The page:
Compliance is a catch-all term for how well you mind the rules—the laws and regulations governing your business. The challenge is these range from federal to state to local and are often unique to business size, industry, etc. The sheer volume is enough to make your head spin whether you’re just starting out or are an established woman business owner.
In fact, a study by the National Small Business Association found that 44 percent of small business owners spend 40 hours or more per year on federal compliance. Moreover, 12 percent report not knowing the source of many of the regulations affecting their business.
The secret to successfully navigating and complying with laws and regulations that touch on everything from how we manage our businesses and employees to how we interact with our customers is understanding the most important rules, knowing where to turn for information and cultivating relationships with your attorney, accountant, etc. who can expertly guide you.
So what regulations are most important for you to understand as a business owner? Let’s break them down:
Tax Code: For most small business owners, taxes top their list of regulation questions. But there’s more to taxes than merely paying them—like knowing which business taxes to pay, when to pay them and how to set up your business to account for future payments. A good accountant can help. Also, check out the IRS Small Businesses and Self-Employed Tax Center.
Employment and Labor Law: Once your business has grown beyond just you, you’ll need to know about federal and state labor laws related to workers and independent contractors. Just starting out? The Department of Labor’s (DOL) FirstStep Employment Law Advisor is a great resource. Already established? Make your attorney your go-to.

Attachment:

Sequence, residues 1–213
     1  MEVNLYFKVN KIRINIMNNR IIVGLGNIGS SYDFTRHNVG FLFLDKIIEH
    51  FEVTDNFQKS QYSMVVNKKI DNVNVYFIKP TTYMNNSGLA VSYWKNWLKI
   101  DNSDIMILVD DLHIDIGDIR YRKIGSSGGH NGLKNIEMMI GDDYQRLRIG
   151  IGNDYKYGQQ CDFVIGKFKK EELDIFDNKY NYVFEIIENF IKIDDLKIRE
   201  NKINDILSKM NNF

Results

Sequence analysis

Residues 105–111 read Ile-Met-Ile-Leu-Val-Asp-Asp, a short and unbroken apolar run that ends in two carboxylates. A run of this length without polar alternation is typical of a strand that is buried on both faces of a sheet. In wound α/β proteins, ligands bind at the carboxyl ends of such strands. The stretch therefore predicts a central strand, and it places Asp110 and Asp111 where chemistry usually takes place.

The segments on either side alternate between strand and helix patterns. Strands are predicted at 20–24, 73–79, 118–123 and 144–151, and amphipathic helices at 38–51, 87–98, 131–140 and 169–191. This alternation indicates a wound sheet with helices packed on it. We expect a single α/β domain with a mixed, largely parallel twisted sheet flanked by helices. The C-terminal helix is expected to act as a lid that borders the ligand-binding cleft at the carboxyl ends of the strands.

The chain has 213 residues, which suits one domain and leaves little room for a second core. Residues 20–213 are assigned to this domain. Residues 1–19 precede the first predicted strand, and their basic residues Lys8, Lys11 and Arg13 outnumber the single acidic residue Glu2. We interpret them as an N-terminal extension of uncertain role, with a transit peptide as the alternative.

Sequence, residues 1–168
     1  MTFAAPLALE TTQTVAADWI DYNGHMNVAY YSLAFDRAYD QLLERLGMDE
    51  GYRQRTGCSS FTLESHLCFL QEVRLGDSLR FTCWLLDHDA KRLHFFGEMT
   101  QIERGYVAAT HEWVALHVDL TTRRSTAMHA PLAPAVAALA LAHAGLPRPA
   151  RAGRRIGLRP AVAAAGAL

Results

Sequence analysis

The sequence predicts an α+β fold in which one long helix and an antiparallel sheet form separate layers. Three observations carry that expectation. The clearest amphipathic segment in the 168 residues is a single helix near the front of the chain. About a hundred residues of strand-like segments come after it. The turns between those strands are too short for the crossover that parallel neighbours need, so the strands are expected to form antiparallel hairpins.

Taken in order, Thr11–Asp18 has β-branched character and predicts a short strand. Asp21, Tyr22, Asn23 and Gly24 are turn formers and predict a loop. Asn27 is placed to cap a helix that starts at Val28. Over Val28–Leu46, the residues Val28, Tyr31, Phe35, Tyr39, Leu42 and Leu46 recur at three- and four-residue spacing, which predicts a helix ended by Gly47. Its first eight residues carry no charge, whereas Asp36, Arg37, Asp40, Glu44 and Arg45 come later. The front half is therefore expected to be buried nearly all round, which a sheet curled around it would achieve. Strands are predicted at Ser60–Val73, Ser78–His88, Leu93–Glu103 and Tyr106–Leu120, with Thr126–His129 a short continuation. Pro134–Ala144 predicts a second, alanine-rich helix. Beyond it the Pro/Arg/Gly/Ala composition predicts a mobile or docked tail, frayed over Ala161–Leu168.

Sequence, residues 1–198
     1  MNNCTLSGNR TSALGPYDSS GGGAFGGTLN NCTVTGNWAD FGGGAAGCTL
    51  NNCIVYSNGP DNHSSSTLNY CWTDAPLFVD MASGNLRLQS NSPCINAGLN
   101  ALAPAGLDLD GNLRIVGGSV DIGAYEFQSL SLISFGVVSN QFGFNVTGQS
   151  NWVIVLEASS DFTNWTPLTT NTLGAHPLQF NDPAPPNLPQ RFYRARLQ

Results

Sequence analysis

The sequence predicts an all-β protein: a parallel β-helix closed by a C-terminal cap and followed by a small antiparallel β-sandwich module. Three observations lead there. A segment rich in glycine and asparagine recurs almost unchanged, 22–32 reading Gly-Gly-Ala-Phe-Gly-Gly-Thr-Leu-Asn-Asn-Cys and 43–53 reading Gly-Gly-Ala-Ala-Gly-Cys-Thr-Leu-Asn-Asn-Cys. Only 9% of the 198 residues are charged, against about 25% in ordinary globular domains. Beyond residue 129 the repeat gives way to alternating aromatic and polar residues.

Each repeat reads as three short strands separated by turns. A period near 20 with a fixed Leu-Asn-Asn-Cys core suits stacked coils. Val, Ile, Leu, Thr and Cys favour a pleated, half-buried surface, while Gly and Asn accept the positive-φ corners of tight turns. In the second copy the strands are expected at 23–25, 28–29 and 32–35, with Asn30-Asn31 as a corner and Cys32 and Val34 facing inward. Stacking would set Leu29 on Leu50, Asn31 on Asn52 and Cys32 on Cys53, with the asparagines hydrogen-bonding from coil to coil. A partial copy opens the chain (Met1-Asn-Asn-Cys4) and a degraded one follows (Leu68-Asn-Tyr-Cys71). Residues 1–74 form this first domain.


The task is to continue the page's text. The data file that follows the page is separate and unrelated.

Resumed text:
Insurance: As soon as you hire your first employee, you’re legally obligated (with the exception of Texas) to purchase workers’ compensation insurance, which protects you and your employee in the case of an accident on the job. This DOL Workers' Compensation page is worth a visit.
Advertising and Marketing: Advertising can propel your business. Just make sure you’re playing by the rules—for example, that the claims in your ads are not deceptive. Here are tips from the Federal Trade Commission. Similarly, if your business does email marketing, you’ll need to comply regulations under the CAN-SPAM Act.
Environmental Regulations: Depending on your industry or business, you might be subject to environmental protection laws. This is especially true if you’re marketing cleaning products, food or anything claiming to be natural, organic or eco-friendly. The EPA Small Business Gateway can help.
Privacy: As you continue to grow, you’ll amass a ton of personal information about employees and customers. There are rules and regulations about how you must save and secure this information. For instance, the Health Insurance Portability and Accountability Act (HIPAA) prohibits the release of employee health data without permission.
Licensing and Permits: Many state and local governments have their own requirements for businesses, and they’re just as important to understand. You might be wondering, for instance, “Do I need a business license?” In many states and localities, you do. This SBA page can get you started.
Pay Data: If you own a company with 100 or more people (or more than 50 if you’re a federal contractor), you’re required to annually report how much you pay them—broken down by race/ethnicity and gender—on an EEO-1 form to the Equal Employment Opportunity Commission. This ensures you’re complying with nondiscrimination laws.
Sales Tax: Most businesses that sell physical goods must collect sales tax from customers and submit it to their state’s revenue department. A few states do not collect sales tax. In general, the law requires that a business collects sales tax in any state with which it has a physical connection.
So how does NAWBO support you when it comes to minding the rules? We use our powerful bipartisan voice to shape them—advocating for laws and regulations that help to create both the avenue and environment to build sustainable women-owned businesses. For a look at our 2021 Advocacy Agenda, click here.